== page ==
Omar Wasow Profile picture
20 Jul, 10 tweets, 4 min read
California developer planned 18 new homes for low-income families. Original build cost specced at $414K per apt. However, ”political, economic and bureaucratic forces converged.” Project shrunk in size by nearly half and build cost swelled to 1.1M per apt. latimes.com/homeless-housi…
”California has the nation’s highest poverty rate when housing and other living expenses are factored in. Rising rents and skyrocketing home prices are a growing threat to the state, widening income equality and eroding economic mobility.” latimes.com/opinion/story/…
”California poverty rates are due to high rent costs. Under rule that rent shouldn’t exceed 30% of income, KPCC reports minimum wage workers should pay ~$546 in rent. Yet, a two-bedroom apartment in the most populated areas of CA costs more than $1,500.” unitedwayla.org/en/news-resour…
”Californians say they want big, progressive changes. But when it comes to their neighborhoods, or anything that might even marginally slow the stratospheric ascent of their property values, many balk. And too many legislators cower at their discontent.” latimes.com/opinion/story/…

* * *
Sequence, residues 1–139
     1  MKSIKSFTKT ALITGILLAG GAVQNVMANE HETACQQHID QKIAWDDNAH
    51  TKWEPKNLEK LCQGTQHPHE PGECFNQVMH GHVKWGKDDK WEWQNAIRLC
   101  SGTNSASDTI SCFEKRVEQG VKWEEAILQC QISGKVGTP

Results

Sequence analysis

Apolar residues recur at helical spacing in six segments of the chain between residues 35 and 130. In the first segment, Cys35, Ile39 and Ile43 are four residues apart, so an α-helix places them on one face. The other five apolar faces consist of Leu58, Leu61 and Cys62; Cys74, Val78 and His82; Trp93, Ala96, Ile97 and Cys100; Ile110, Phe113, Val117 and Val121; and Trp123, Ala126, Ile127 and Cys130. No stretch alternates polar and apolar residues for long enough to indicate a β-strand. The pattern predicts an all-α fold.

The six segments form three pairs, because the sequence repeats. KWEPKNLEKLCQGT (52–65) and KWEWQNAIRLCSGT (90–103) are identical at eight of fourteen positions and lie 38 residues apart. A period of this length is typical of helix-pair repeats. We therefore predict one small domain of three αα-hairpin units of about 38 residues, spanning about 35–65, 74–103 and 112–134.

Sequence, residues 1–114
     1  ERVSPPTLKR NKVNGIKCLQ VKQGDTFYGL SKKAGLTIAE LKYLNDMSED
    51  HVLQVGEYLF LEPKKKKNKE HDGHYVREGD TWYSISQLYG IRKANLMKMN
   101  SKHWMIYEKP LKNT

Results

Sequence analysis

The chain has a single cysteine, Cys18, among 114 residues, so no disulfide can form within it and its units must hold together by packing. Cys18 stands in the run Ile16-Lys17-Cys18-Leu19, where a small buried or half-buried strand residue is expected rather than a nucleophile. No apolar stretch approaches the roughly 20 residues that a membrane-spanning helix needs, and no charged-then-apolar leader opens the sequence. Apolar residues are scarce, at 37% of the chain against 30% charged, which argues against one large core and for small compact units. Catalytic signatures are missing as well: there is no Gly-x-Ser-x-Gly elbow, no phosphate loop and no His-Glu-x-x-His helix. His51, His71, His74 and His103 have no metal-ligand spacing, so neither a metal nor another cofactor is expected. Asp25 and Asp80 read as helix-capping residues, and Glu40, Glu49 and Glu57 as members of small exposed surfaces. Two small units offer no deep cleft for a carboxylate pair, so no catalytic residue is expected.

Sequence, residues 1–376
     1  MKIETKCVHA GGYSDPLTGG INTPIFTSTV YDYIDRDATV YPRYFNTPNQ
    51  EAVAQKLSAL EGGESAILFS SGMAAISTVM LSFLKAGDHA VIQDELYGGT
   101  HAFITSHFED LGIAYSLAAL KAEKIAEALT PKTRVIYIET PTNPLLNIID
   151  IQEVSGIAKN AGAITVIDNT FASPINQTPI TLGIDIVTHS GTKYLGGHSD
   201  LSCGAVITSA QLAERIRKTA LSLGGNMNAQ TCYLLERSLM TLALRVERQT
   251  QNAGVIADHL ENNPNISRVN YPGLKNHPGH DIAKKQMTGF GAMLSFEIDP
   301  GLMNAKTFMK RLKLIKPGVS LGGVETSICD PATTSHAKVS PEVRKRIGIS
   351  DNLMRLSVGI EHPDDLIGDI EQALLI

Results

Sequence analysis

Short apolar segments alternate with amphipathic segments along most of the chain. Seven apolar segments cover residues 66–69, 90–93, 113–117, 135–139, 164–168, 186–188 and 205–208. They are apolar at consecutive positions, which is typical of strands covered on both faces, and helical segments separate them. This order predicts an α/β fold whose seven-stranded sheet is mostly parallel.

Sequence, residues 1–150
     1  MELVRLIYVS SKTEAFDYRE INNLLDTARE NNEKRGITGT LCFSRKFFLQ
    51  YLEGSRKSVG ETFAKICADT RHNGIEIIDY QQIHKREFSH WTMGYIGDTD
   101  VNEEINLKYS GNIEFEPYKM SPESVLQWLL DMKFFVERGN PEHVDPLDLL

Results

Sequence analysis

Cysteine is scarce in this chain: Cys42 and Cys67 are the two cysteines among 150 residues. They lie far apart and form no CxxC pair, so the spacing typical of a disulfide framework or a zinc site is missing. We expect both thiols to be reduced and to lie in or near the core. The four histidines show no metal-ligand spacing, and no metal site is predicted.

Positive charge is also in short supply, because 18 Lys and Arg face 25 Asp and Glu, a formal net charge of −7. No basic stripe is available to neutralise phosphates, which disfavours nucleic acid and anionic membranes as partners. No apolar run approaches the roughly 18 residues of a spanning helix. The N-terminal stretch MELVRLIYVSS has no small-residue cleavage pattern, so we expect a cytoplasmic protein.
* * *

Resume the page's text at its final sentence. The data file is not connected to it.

”LA’s land use policy is, generally, a disaster. Strict zoning regulations (born largely out of overt racism) prohibit building anything other than single-family homes in most of the city, making it nearly impossible to add enough affordable housing.” latimes.com/opinion/story/…
”Single-family mandates were appealing because they maintained racial segregation without racial language.” Amid a push for fair housing laws in California, ”LA’s zoning capacity was sharply reduced between 1960 and 1980.” lewis.ucla.edu/programs/housi… Image
The NIMBY capture of California politics is extreme but liberal and conservative ”homevoters” blocking new housing, entrenching racial segregation and driving up poverty is a problem across America.
”Berkeley was most likely the birthplace of single-family zoning, which constricts housing supply and pushes up the cost of housing. This policy puts it out of reach for low-income households, in particular the people of color it was intended to keep out.” nytimes.com/2021/07/26/opi…
”California Environmental Quality Act requires environmental impact assessments of new developments. NIMBYs have capitalized on this reasonable requirement, burying proposed developments in CEQA litigation that can slow projects or kill them entirely.” nytimes.com/2021/07/26/opi…